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Women's Health FAQ

A woman's body can go through many changes throughout their adolescence and teenage years. Sometimes we don't understand what these changes mean or what we should do. This Ask the Expert Post series surrounding women's health begins the journey to understanding what it means when your body is changing, what is normal, what is not, and what you should do to be the healthiest version of yourself!

Q: Vaginal discharge – is it normal or should I see a doctor?

A: Vaginal discharge is often normal and nothing to worry about. Sometimes it can be a sign of an underlying infection or other problem. Vaginal discharge is a fluid made up of cells from the vagina and cervix, mucus, water, and bacteria. Most often, this bacteria is a normal part of a woman’s vagina that remains there all the time. “Normal” vaginal discharge can be white, clear, thin, or thick, and the characteristics can change throughout the course of the menstrual cycle. For example, some days you might have no discharge, some days it might be white and slightly thicker, and some days it may be clear and resemble egg whites. The amount of discharge that is considered “normal” can differ between women, and it is normal to have more or less vaginal discharge at different times, but most women have a pattern that develops and stays consistent for them.


Q: What are the signs of abnormal discharge and what should I do if I have any of the symptoms?

A: When your vaginal discharge changes from what is normal for you, that can often indicate a problem. Here are signs of abnormal vaginal discharge:


1. It changes color or consistency to become green-yellow, foamy, gray, bloody, or thick and clumpy like cottage cheese

2. There is much more discharge than usually

3. The discharge smells bad – for example, it may smell fishy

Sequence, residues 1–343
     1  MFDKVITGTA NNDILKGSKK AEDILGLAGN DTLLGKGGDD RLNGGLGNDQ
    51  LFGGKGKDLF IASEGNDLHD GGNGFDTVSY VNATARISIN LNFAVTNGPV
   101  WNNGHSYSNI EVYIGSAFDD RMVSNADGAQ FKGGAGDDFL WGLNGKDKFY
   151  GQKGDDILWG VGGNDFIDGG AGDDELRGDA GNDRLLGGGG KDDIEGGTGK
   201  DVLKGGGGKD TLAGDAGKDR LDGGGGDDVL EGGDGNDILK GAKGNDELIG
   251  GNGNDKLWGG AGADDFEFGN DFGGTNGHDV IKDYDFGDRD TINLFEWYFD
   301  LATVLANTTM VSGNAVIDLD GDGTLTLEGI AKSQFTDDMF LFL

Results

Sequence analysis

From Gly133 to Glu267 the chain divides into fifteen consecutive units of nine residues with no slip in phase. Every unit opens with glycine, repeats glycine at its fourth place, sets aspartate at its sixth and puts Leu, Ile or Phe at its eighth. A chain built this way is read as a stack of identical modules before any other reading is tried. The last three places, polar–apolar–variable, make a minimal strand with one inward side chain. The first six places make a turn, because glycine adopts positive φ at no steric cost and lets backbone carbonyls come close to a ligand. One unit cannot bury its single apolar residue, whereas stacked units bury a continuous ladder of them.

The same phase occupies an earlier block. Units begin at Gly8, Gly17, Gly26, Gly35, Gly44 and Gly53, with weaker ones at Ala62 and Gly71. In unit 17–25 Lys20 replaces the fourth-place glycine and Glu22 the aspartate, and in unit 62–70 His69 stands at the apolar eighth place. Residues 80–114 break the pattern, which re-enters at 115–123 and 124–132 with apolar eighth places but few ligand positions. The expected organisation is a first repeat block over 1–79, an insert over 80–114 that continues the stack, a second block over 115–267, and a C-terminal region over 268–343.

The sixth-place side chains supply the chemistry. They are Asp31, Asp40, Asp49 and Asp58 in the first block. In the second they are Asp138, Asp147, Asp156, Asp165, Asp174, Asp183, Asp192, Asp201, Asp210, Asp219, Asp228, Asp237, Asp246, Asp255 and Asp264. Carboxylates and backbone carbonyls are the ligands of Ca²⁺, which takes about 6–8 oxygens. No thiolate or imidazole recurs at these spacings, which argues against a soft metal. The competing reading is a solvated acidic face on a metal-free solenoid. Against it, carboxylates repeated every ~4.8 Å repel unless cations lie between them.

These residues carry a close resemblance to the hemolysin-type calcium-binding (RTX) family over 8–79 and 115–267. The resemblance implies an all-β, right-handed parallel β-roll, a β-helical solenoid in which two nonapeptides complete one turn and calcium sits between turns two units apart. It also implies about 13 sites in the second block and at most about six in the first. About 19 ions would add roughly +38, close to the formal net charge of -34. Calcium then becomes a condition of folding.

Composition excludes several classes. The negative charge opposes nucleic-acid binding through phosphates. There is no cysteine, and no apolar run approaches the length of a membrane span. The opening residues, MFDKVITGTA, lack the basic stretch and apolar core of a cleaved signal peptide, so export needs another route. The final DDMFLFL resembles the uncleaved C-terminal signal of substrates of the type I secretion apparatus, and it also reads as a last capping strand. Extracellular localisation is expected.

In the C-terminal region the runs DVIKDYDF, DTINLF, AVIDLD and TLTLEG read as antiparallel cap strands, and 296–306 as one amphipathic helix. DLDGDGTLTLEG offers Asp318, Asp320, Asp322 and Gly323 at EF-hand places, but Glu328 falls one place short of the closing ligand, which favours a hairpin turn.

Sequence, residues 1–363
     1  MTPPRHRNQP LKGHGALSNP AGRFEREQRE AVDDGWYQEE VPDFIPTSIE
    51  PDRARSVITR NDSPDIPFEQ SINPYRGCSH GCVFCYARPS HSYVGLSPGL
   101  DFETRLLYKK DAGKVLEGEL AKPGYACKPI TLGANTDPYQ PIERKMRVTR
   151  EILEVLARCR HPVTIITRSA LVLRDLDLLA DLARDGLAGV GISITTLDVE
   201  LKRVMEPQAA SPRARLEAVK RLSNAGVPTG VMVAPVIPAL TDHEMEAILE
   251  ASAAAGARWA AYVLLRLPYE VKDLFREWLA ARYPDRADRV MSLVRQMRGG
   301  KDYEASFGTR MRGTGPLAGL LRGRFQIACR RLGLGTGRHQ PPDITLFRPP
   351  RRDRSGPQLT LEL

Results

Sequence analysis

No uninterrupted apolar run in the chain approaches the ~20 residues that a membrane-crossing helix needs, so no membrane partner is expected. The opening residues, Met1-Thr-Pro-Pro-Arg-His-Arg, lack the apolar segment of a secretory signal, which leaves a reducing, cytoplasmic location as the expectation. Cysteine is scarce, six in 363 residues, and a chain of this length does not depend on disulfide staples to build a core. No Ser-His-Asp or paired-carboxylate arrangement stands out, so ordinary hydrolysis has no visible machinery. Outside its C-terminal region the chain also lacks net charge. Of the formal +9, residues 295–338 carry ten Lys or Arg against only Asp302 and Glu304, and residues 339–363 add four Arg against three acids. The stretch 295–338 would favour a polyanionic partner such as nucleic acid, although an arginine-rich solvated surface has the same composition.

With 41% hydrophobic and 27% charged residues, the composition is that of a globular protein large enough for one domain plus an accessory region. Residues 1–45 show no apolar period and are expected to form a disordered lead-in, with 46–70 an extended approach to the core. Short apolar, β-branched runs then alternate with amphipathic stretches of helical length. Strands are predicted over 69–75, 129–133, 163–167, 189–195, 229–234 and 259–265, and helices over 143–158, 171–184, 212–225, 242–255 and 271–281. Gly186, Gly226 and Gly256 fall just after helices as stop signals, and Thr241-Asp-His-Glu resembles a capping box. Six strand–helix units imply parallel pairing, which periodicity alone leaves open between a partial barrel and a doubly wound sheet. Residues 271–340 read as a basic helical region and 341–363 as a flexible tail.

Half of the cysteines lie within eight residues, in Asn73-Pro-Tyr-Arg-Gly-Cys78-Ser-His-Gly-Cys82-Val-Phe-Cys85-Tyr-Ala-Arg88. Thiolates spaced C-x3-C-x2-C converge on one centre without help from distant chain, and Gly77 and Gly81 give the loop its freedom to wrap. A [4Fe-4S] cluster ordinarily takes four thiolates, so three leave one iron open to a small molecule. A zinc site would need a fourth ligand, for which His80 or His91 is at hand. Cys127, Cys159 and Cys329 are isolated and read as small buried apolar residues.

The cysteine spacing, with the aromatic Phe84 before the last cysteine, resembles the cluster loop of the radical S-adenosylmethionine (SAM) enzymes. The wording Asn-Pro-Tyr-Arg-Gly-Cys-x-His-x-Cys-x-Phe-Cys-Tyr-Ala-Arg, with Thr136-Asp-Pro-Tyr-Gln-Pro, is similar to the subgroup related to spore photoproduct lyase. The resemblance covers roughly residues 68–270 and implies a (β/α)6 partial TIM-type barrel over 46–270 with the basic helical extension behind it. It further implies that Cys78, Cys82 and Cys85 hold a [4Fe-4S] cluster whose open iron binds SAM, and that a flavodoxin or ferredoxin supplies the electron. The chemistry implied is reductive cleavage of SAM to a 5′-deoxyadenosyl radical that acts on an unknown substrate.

4. The discharge is associated with pain with urinating or pain when having sex

5. The discharge is associated with pain in the lower part of the belly

6. The discharge is associated with fevers

7. The discharge is associated with itching of the inside of the vagina or areas surrounding the outside of the vagina

8. There is associated redness, pain, or swelling around the vagina

When vaginal discharge changes from what is normal for you, it may mean the “normal” bacteria that live in the vagina have been replaced by harmful bacteria. As a result of this, vaginal discharge can be a sign of an underlying infection, such as a yeast infection, a sexually transmitted infection, or other more serious infections such as pelvic inflammatory disease. You should see a doctor right away if you have any changes in your vaginal discharge from what is normal for you, or if you have any of the associated symptoms listed above. You can use Teen Connect's Searchable Directory on their website to find a youth-friendly clinic near you.



Katie Finley, DO

USF Internal Medicine-Pediatrics, PGY-3

Ybor Youth Clinic - You can learn more information about making an appointment here!

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